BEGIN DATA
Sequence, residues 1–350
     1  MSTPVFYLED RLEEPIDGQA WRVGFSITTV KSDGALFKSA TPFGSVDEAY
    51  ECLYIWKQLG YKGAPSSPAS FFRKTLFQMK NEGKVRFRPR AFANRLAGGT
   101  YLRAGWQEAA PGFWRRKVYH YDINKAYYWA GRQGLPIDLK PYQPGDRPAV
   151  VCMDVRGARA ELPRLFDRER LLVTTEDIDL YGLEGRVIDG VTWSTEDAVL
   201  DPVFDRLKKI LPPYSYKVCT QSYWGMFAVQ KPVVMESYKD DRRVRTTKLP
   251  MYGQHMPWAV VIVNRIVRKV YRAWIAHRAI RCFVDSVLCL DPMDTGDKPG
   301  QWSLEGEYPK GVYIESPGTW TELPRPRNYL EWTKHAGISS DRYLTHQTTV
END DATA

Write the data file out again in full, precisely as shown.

Sequence, residues 1–350
     1  MSTPVFYLED RLEEPIDGQA WRVGFSITTV KSDGALFKSA TPFGSVDEAY
    51  ECLYIWKQLG YKGAPSSPAS FFRKTLFQMK NEGKVRFRPR AFANRLAGGT
   101  YLRAGWQEAA PGFWRRKVYH YDINKAYYWA GRQGLPIDLK PYQPGDRPAV
   151  VCMDVRGARA ELPRLFDRER LLVTTEDIDL YGLEGRVIDG VTWSTEDAVL
   201  DPVFDRLKKI LPPYSYKVCT QSYWGMFAVQ KPVVMESYKD DRRVRTTKLP
   251  MYGQHMPWAV VIVNRIVRKV YRAWIAHRAI RCFVDSVLCL DPMDTGDKPG
   301  QWSLEGEYPK GVYIESPGTW TELPRPRNYL EWTKHAGISS DRYLTHQTTV